Perhaps Your Site Isn’t Illegal in Europe?
Here we go again. In May I reported Why Your Site is Now Illegal in Europe. The EU E-Privacy Directive became law on May 26 2012; if you are using cookies or other tracking technologies for non-essential functionality, you must:
- Tell users that tracking technologies are used.
- Explain the reasons for using those technologies.
- Obtain the user’s consent prior to tracking them and allow them to withdraw permission at any time.
The only exceptions are sites where tracking is strictly necessary for the provision of a service such as a shopping basket or web application. Systems such as analytics and advertising need to comply and the law. It applies to all EU companies and those trading in Europe.
Did Anyone Care?
While the legislation applies to all 27 member states, very few countries appeared to do anything. In the UK, the Information Commissioner’s Office (ICO) issued a guidance document and revealed that non-compliance could result in a £500,000 fine. They then revised the document at the eleventh hour to confuse developers further.
In the past few months, cookie warnings have been (literally) popping up on major UK websites including the BBC, Channel4.com, BT.com, Nationwide Bank, John Lewis, The Guardian and the ICO’s own site. My personal favorite is The Daily Mash which provides the warning:
The problems are clearer than the legislation:
- It’s difficult for business owners and developers to identify compliance problems and provide a solution. Generic advice cannot be applied to an infinite variety of situations.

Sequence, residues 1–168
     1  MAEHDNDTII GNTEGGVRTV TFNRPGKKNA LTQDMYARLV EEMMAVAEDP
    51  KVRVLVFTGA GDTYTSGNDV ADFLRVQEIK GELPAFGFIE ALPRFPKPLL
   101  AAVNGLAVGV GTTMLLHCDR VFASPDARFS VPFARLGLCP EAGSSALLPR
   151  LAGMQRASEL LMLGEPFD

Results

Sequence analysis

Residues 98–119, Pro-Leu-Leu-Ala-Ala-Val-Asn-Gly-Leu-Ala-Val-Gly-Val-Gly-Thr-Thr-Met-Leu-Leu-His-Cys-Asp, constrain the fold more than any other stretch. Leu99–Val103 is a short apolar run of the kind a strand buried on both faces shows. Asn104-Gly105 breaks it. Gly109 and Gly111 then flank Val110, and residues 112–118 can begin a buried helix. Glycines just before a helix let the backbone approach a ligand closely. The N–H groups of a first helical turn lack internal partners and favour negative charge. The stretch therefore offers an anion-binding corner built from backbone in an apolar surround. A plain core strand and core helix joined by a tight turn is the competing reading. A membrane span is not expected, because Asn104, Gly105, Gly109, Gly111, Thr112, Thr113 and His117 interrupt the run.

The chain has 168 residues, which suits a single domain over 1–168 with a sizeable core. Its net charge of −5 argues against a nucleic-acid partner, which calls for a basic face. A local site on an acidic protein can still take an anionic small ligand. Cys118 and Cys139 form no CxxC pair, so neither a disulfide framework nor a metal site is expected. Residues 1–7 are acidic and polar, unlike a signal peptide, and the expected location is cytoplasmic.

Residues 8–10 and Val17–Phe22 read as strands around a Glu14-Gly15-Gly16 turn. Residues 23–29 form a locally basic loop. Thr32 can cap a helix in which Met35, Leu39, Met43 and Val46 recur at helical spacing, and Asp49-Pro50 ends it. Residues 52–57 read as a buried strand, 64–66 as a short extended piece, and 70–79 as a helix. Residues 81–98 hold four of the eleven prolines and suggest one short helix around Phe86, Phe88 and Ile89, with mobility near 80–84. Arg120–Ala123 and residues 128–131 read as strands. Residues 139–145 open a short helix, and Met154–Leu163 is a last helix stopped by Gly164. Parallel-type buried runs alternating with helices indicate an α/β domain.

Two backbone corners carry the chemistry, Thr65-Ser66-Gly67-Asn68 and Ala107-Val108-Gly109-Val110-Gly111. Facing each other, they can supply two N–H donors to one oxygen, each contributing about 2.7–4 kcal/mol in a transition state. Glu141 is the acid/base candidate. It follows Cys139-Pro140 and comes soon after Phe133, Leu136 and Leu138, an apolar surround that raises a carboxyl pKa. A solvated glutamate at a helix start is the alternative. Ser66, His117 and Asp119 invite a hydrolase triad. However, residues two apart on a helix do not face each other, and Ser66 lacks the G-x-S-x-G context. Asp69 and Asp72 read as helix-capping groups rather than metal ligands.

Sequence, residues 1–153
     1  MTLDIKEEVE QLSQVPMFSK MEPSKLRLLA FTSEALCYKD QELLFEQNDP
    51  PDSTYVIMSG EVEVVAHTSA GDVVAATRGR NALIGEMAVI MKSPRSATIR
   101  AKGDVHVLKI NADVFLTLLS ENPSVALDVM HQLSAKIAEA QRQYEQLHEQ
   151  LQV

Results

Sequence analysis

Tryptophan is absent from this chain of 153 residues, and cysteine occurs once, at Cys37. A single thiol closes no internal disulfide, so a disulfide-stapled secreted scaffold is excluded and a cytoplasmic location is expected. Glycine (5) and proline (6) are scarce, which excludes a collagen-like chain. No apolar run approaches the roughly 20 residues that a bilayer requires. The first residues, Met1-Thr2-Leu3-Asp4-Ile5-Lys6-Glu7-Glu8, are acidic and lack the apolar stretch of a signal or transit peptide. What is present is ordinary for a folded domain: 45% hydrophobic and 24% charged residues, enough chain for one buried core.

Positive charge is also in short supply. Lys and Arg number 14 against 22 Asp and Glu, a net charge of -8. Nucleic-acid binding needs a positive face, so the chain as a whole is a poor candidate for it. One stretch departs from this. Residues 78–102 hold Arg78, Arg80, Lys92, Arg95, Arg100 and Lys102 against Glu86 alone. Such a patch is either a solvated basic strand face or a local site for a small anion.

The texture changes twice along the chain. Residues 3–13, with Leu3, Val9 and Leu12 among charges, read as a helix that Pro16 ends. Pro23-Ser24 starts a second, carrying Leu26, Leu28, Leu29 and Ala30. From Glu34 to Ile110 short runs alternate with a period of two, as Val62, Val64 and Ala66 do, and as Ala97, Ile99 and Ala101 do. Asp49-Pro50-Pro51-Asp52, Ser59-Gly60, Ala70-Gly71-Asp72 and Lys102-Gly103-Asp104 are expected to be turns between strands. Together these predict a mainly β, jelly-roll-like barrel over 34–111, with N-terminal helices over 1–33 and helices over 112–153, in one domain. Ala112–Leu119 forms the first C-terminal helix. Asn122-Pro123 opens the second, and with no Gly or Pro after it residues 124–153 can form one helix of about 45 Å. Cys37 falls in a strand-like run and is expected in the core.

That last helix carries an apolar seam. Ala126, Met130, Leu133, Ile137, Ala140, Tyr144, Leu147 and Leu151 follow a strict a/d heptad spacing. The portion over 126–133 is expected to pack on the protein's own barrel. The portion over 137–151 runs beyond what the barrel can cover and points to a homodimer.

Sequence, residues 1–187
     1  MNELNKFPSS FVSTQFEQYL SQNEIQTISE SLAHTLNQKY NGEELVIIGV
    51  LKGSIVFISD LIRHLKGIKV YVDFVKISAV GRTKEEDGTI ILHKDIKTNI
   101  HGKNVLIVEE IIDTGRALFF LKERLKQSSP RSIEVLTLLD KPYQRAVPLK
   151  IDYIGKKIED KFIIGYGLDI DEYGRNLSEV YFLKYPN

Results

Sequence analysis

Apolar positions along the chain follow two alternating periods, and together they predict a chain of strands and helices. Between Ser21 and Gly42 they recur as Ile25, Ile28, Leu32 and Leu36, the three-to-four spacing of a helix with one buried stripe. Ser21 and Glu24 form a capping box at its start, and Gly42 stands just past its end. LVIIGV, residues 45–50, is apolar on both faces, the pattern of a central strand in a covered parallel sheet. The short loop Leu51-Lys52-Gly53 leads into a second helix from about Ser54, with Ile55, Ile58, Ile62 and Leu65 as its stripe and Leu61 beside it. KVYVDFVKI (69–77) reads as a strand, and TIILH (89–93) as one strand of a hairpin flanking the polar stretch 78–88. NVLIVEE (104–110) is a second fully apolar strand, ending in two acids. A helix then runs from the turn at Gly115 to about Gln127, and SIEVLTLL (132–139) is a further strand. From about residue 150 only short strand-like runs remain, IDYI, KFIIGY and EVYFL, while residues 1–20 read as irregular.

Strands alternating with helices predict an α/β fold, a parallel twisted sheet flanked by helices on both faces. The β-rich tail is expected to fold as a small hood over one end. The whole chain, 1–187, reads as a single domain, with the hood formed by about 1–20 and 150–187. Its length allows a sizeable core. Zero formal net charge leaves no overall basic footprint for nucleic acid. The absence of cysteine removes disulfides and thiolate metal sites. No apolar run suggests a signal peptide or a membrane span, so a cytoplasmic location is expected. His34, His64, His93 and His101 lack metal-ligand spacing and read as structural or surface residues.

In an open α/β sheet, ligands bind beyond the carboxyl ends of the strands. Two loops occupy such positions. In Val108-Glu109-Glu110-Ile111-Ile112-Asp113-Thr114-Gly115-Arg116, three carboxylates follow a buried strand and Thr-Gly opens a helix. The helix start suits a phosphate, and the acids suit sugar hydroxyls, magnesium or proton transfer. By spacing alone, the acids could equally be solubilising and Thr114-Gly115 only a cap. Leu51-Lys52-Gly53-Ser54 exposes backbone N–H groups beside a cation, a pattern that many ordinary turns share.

- Few users understand the implications or particularly care. All warnings are worded differently and appear in different ways.
- If users can opt-out, features such as Analytics become redundant.
- Few government organizations adhere with the legislation.
- Companies based outside Europe can ignore the regulations without risk.
- The law is not being enforced.
This last point has been tested by UK software company Silktide. They’ve been vocal opponents of the cookie law although they offered their own free cookie consent tool.
The company recently introduced nocookielaw.com. It was a great publicity stunt which invited the ICO to take action against the company:
We’re sick of you and this ridiculous cookie law. So here’s an ultimatum.
We’ve taken all our cookies solutions off all our websites. The evil cookies are back, and the pointless slidey warning messages are no more.
We tried. We even wrote an open source solution to the cookie law used by 5,000 sites. But the truth is it’s a tragic waste of time.
Presumably we now fly in the face of the law you are sworn to uphold. Please, please do your worst. Send in a team of balaclava-clad ninjas in black hawk helicopters to tickle us to death with feather dusters. Just do something.
The page helpfully links to the ICO cookie complaint system.
Bizarrely, the ICO responded with a tweet:
@nocookielaw You know what cookies you’re using & you told people you’re using them. They’re the 1st steps on road to compliance. Well done
I see no reason to implement confusing pop-ups or other technical solutions for a law which is ambiguous, unenforceable and mostly ignored. Until the situation is clarified, I still recommend:
- If necessary, link to cookie resource sites such as aboutcookies.org which explain how to block, control and delete cookies.
Then forget about it. Unless you’re contacted by a regulatory body with a genuine complaint, there are far better things you can do with your time.